On 16 December 2021, the Polish Minister of Foreign Affairs Zbigniew Rau presented the prizes in the competitions for the best Master’s thesis on contemporary international relations. This year’s 33rd edition of the competition received 39 entries, of which seven were honoured with awards. Two of them went to Jagiellonian University students, Krzysztof Kowalski and Szymon Kucharski.
The annual competition under the patronage of the Minister of Foreign Affairs was first organised in December 1989. Its purpose is to attract academic attention to modern-day international relations, in particular Poland’s foreign policy.
According to a statement by the Ministry, the first prize was not awarded in this year’s edition. Instead, a joint second prize was presented to Kamil Kwiatkowski from the Faculty of Law, Canon Law and Administration at the John Paul II Catholic University of Lublin (Armed conflict in the territory of eastern Ukraine in the light of international law) and to Krzysztof Kowalski from the Faculty of International and Political Studies at the Jagiellonian University (Sanctions in the US and the EU policy responses to the Ukrainian crisis in 2014–2020), whose thesis has been written under the supervision of Prof. Krzysztof Szczerski.
Krzysztof Kowalski’s MA thesis is devoted to the place, role and impact of US and EU sanctions regarding the conflict in Ukraine. Its aim was to identify the differences between the sanctions introduced by both actors as well as assessment of their effectiveness when compared to other international political tools. In the author’s view, these differences stem mostly from the dissimilarities in the political systems of the US and EU, different perceptions of the global public opinion and the role of sanctions as deterrents in international conflicts as well as their own security strategies. Both the US and EU have imposed sanctions upon political actors affiliated with Russia, but their scope and impact are not similar. The EU still has means to escalate the situation further in order to put more pressure on Moscow, and has potentially more severe, in particular when it comes to the economy.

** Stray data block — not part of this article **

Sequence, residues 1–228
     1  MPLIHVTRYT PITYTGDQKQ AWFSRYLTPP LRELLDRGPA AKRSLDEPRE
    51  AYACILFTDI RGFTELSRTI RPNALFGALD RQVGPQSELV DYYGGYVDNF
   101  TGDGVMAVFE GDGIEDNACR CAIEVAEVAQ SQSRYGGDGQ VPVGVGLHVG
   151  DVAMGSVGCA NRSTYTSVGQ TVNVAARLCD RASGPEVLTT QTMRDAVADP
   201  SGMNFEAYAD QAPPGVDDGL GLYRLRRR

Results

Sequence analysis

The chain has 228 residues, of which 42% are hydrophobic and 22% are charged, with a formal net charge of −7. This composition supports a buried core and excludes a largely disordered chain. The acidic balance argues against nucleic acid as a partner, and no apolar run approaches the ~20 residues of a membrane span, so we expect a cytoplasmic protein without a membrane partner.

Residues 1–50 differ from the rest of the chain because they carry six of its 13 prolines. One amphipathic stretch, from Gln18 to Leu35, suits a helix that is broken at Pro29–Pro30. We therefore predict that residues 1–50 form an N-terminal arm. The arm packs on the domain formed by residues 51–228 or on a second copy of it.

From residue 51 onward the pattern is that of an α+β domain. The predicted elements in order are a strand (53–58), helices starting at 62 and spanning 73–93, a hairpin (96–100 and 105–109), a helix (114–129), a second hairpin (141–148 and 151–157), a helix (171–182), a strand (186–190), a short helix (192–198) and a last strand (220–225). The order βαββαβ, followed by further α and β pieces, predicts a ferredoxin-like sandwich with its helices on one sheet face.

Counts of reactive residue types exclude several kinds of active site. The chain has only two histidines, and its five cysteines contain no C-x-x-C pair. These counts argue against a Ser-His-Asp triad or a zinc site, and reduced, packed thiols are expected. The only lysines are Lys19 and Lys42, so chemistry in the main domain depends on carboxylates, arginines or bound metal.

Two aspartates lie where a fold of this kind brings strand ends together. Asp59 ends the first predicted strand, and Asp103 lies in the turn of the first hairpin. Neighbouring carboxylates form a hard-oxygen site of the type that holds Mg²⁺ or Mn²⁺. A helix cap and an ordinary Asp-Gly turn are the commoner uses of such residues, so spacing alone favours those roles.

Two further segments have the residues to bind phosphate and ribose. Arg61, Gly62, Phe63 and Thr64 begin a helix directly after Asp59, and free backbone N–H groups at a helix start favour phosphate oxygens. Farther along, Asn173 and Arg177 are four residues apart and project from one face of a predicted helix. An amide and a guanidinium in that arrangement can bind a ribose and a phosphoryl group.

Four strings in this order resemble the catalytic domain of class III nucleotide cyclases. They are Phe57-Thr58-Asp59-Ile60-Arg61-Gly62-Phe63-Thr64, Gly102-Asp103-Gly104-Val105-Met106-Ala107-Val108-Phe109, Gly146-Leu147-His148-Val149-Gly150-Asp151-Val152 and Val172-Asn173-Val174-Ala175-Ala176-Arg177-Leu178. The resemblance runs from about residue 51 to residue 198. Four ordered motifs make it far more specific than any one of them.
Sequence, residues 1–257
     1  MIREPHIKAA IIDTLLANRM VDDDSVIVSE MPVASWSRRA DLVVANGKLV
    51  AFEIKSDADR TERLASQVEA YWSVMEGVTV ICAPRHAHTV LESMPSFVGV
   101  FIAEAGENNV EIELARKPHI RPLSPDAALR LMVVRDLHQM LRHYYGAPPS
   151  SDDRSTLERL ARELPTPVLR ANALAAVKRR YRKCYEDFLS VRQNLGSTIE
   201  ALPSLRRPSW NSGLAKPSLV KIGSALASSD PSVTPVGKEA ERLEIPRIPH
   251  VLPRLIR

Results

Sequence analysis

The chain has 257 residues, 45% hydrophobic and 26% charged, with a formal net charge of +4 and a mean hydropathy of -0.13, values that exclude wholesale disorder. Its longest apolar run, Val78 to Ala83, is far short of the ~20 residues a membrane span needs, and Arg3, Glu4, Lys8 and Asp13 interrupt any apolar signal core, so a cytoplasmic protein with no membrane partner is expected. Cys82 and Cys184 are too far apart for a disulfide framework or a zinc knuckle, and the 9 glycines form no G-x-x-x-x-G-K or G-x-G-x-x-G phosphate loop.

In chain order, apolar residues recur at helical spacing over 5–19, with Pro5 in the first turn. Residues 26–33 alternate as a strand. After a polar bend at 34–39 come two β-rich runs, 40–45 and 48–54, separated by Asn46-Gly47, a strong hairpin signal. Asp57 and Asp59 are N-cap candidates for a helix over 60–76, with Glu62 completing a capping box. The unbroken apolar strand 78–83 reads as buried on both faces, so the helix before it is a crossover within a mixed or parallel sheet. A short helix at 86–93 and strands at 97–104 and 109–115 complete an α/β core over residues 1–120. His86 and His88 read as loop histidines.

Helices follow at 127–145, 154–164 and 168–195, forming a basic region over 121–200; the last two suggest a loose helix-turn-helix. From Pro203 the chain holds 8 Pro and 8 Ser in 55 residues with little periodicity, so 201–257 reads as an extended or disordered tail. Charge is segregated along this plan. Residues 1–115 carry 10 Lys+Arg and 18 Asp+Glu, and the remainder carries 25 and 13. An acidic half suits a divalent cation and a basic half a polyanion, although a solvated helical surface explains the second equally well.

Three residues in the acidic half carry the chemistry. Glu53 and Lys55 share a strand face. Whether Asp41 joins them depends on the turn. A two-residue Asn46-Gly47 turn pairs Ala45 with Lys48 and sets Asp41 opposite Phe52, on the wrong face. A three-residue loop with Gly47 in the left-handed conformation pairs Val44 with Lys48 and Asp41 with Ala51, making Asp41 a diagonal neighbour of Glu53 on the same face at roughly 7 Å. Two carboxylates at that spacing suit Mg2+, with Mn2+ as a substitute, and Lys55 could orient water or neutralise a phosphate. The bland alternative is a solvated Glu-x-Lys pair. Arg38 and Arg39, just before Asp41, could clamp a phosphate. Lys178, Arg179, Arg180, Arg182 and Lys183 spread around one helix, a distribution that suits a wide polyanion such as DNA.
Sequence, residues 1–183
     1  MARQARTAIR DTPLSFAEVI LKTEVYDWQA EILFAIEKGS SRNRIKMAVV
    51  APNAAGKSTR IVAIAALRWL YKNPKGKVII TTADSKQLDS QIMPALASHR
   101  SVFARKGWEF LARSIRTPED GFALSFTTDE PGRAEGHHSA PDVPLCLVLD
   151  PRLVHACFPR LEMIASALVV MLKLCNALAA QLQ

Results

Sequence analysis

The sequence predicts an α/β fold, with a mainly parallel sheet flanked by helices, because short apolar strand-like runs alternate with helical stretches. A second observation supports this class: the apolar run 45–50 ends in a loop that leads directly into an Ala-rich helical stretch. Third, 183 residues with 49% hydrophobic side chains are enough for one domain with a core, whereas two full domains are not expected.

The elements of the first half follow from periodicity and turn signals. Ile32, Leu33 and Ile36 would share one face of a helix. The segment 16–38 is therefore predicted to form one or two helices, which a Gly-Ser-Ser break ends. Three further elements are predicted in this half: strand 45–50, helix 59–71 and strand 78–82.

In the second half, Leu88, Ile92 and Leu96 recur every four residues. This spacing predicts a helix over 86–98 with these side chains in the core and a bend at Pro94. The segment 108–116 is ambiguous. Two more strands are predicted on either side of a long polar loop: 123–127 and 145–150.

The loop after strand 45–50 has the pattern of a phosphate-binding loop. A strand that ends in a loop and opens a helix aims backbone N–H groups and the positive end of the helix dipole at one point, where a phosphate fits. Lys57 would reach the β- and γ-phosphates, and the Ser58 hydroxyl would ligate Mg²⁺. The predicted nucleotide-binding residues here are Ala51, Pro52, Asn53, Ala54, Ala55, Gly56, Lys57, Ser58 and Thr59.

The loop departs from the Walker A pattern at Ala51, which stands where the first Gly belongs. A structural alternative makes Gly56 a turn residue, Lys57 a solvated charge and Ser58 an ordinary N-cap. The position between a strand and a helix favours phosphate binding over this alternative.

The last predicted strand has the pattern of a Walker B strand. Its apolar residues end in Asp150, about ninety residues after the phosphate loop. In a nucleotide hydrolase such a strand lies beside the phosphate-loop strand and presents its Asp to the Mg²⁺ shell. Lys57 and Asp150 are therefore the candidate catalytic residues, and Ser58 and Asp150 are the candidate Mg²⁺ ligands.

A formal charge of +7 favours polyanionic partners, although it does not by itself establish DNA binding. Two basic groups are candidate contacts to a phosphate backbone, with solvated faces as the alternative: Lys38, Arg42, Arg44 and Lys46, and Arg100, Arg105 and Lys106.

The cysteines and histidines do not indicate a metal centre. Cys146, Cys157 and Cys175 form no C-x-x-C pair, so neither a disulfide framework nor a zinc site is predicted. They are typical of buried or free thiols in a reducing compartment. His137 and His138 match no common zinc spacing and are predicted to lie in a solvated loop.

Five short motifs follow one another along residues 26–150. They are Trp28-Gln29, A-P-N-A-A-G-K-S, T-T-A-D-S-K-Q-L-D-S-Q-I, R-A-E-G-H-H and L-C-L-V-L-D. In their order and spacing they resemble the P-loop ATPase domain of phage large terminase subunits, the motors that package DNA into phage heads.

Additionally, an honorary distinction was awarded to Szymon Kucharski from the JU Faculty of Law and Administration for his MA thesis entitled A study on the views adopted by the UN Human Rights Committee, No. 2728/2016, in Teitiota v. New Zealand, written under the supervision of Dr hab. Michał Kowalski, Prof. UJ. The case discussed in the thesis involved granting international protection to climate migrants coming from small island states. These states are currently threatened by the rising sea level caused by manmade climate change. The UN Committee did not agree that expelling a person to such an island infringes upon a person’s right to live. The main aim of the thesis was to investigate the legal aspects of the case that were not considered by the Committee, even though there might have been some reasons to do otherwise.
Source: Ministry of Foreign Affairs